The European Space Agency's (ESA) Rosalind Franklin ExoMars rover has successfully completed a high-altitude drop test.
The mission has been beset by delays. A launch over the July-August window was scrubbed as mission managers faced up to problems including torn parachutes. In earlier tests, drops from a helicopter appeared to go well, but a release from a high-altitude balloon did not. As one might imagine, the parachute is a critical bit of hardware, the failure of which could result in the rover being smashed to pieces on impact.
There are two main parachutes used to slow the descent module as it barrels through the Martian atmosphere. A 15m-wide first stage, which opens at supersonic speeds, followed by a 35m-wide second stage, deployed at subsonic speeds, are used to reduce velocity.
The 35m-wide parachute will be the largest ever to fly on Mars, according to ESA.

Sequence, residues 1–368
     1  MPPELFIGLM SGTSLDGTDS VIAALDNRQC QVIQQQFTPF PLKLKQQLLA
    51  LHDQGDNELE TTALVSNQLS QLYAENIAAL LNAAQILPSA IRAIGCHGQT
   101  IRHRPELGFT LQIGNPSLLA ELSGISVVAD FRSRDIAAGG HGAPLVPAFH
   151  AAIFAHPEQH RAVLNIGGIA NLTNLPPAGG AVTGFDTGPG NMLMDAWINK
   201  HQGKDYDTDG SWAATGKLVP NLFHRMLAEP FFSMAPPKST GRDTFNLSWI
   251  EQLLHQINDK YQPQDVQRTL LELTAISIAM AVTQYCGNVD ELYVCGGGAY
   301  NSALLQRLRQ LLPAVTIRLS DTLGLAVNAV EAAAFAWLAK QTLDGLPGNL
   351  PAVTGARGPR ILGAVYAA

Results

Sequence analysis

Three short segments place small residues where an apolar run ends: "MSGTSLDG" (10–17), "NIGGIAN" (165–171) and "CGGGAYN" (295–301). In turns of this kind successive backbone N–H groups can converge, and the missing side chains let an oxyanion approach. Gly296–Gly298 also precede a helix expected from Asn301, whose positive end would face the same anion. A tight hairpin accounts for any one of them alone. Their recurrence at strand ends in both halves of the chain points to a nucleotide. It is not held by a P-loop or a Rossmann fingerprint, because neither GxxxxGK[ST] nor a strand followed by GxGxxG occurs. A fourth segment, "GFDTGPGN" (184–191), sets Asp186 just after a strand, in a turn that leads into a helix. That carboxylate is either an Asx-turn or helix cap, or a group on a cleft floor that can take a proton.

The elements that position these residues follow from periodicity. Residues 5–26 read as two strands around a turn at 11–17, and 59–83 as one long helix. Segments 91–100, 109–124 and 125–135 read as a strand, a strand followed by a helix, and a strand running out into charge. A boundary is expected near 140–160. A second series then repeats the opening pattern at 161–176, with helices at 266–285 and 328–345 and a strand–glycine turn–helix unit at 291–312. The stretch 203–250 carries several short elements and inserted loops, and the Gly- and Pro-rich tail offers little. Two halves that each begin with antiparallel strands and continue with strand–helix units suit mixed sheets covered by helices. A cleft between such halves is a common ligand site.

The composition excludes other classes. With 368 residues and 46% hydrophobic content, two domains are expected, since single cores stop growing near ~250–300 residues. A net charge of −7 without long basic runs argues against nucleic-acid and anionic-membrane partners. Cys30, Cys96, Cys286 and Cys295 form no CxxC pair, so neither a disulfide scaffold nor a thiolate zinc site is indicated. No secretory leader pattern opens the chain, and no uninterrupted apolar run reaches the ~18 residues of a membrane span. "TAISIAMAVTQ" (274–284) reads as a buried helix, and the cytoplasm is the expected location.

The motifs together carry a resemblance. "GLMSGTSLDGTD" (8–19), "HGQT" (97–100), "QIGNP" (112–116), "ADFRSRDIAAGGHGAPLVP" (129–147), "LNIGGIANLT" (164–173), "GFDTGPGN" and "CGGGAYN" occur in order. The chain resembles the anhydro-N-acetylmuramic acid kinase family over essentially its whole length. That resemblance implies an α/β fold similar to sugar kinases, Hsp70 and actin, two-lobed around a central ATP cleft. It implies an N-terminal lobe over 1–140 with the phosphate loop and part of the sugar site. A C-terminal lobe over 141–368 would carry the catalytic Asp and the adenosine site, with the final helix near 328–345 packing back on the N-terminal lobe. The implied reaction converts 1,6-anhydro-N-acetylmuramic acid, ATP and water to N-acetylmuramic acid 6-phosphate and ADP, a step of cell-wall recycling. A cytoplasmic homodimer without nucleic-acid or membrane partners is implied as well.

Following unsuccessful drop tests in 2019 and 2020, the team persuaded the first-stage parachute to behave itself in a high-altitude test in June 2021. The second parachute suffered minor damage after the unexpected detachment of the pilot chute. There was still deceleration but, as former ESA Director General Jan Wörner explained when announcing the delay in 2020, the team needed to be as near to 100 per cent sure as possible that everything would go well on the big day.
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The latest set of tests, performed in Oregon on 21 November and 3 December, have worked as expected. Thierry Blancquaert, ESA ExoMars programme team leader, said: "Both parachutes deployed and flew beautifully. We have demonstrated we have two parachutes to fly to Mars."
That said, things weren't perfect. A handful of tiny tears 1-2cm in size and some friction searing were noted, but Blancquaert remained bullish, saying: "We can certainly fly as-is without any concern, but adjustments are still possible, and we will carefully scrutinize the results of the next tests early next year."
And more tests are indeed planned ahead of the shipment of hardware to Baikonur, Kazakhstan in late March and early April. Launch is currently scheduled for the end of September 2022. Landing on Mars, in the Oxia Planum region, is planned for 10 June 2023. ®